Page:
September 21, 2010
100X Solar Energy Concentrator With Nanotubes

Carbon nanotubes can concentrate solar energy from a larger area onto photovoltaic cells in a smaller area.

CAMBRIDGE, Mass. - Using carbon nanotubes (hollow tubes of carbon atoms), MIT chemical engineers have found a way to concentrate solar energy 100 times more than a regular photovoltaic cell. Such nanotubes could form antennas that capture and focus light energy, potentially allowing much smaller and more powerful solar arrays.

"Instead of having your whole roof be a photovoltaic cell, you could have little spots that were tiny photovoltaic cells, with antennas that would drive photons into them," says Michael Strano, the Charles and Hilda Roddey Associate Professor of Chemical Engineering and leader of the research team.

The idea with solar concentrators is to come up with concentrators that cost much less per area covered than photovoltaic (PV) cells would cost for that same area. Then use much higher efficiency PV cells to focus the light onto. The higher efficiency cells cost more per area but cost less overall of they can cover a very small area but get solar power from a larger area.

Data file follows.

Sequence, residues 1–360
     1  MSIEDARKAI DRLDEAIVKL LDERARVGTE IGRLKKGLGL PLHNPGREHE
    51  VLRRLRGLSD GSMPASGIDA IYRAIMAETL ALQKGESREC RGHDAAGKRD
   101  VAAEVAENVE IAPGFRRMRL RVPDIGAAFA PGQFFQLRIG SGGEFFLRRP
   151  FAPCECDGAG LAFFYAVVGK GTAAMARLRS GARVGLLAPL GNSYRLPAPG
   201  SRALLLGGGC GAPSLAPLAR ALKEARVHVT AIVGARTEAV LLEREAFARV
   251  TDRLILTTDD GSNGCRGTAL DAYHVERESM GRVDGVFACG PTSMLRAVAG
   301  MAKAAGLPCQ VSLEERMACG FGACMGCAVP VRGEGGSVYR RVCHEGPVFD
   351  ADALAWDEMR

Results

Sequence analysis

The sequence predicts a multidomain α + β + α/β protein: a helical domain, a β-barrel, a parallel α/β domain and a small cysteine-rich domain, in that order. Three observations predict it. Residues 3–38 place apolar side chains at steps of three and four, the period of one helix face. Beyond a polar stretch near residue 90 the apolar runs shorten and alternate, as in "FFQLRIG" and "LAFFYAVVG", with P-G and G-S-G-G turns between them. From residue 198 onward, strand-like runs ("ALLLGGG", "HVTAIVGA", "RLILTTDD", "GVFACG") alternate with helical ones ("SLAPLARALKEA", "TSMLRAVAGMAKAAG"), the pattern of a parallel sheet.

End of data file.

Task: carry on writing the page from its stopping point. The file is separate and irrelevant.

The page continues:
Since so many ways to lower solar power exist I expect its costs to keep on falling. In the long run solar power will become very cheap. So electric power during the day in the summer will become cheaper than electric power the rest of the time.

Share |      Randall Parker, 2010 September 21 10:48 PM  Energy Solar


Comments
Phos said at September 22, 2010 4:21 AM:

The linked paper noted a 13% loss. They think they can get that down to 1%.

The nanotube array is described as a type of antenna. I wonder what would be the maximum power that the antenna can deliver. Also what would be the maximum size of the collector area.

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